It’s not raw, it’s smoked.
Why is it pink
The first thing to clarify is that it’s not blood, and it’s not raw.
When slow smoking BBQ there is a chemical reaction that occurs between the myoglobin and the gases (nitric oxide and carbon monoxide) produced during the cooking process. It’s this very same reaction that creates the smoke ring you often hear about when discussing smoked BBQ. If you cook faster, the myoglobin breaks down, but when slow smoking that doesn’t happen.
Quality, Expertise, Perfectly smoked, tasty, BBQ
Is to provide you with a taste of perfectly smoked BBQ.
Those that love smoked BBQ, LOOOOOOOOVE it!
We’ve been smoking BBQ for over a decade, and we believe our special blend of rubs, dusts, and sauces make the perfect companion to our loveingly smoked meats!
All of our smoked wings and other chicken products off the grill and are then fried for crispness to an internal temperature of 75°C (167°F) and stays there for more 30 seconds.
We use highly accurate Thermopens.
Depending on the cut of pork, we smoke between 75°C and 96°C.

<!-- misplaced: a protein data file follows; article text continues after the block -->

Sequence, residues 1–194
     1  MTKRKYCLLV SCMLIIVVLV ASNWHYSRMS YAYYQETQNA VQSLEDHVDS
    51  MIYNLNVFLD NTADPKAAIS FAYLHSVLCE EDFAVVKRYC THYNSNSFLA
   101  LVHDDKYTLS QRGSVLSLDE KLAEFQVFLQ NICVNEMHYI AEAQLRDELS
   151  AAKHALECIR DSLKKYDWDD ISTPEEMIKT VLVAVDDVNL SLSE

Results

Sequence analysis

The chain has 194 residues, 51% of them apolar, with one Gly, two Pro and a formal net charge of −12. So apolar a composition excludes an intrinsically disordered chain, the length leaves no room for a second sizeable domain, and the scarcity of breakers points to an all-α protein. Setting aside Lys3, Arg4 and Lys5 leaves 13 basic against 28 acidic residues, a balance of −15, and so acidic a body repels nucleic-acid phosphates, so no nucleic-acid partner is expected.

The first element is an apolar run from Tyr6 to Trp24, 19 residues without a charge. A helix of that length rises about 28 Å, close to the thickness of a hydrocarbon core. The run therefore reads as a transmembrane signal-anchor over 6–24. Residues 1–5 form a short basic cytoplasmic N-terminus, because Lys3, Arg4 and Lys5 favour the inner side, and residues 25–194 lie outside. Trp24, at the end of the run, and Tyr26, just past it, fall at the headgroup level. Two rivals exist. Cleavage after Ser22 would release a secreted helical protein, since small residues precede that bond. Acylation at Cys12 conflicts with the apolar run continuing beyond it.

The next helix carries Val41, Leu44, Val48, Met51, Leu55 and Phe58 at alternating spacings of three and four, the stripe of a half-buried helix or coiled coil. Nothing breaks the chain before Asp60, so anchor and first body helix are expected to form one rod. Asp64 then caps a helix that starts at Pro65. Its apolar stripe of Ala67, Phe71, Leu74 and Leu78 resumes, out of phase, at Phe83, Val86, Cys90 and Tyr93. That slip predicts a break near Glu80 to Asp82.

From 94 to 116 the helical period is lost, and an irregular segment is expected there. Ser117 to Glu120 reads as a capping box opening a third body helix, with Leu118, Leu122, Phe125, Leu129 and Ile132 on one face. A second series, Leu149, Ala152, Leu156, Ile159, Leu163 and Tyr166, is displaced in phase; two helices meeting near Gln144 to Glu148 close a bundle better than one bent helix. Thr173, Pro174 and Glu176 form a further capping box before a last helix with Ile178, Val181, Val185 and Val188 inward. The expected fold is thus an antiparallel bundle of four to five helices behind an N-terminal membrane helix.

Pulled pork for example, that is perfectly pull apart once it hits 96°C. Once we take it of the smoker we let it rest for a couple of hours in our dedicated hothold. We add some honey and butter too. Then once ready, we pull it apart for service.
Ribs we pull between 75°C and 80°C. We then rest them in our hothold for service. This allows the ribs to still have a little pull as you bite the meat of the bone.
Other Meat Products
We’ve smoked fish, duck, beef, and lamb as specials so far. So, do keep an eye out for those specials. We can also do these for special prepaid events too.
Smoking temperatures vary depending on the meat.
UK Food Standards Agency
The UK Foods Standards Agency recommend the following:
Standard advice is to cook food until it has reached 70°C and stayed at that temperature for 2 minutes.
The other time and temperature combinations are:
- 60°C for 45 minutes
- 65°C for 10 minutes
- 70°C for 2 minutes
- 75°C for 30 seconds
- 80°C for 6 seconds
If you fancy more reading, one of our most favourite BBQ joints to eat at in the UK has something to say about this. Reds True BBQ <— click here
*dons lab coat*
Myoglobinis a protein stored in muscle, which when mixed with water takes a pink appearance. When exposed to high temperatures, myoglobin breaks down to give a consistent white colouring across the whole piece of meat.
As we smoke our chicken at a lower temperature for a much longer period of time, the myoglobin doesn’t fully break down. This creates a pink tinge to the meat – the same reaction that causes the smoke ring you see on our brisket and ribs.
If you’re ever near a Reds True BBQ, make sure you go in and grab some meat!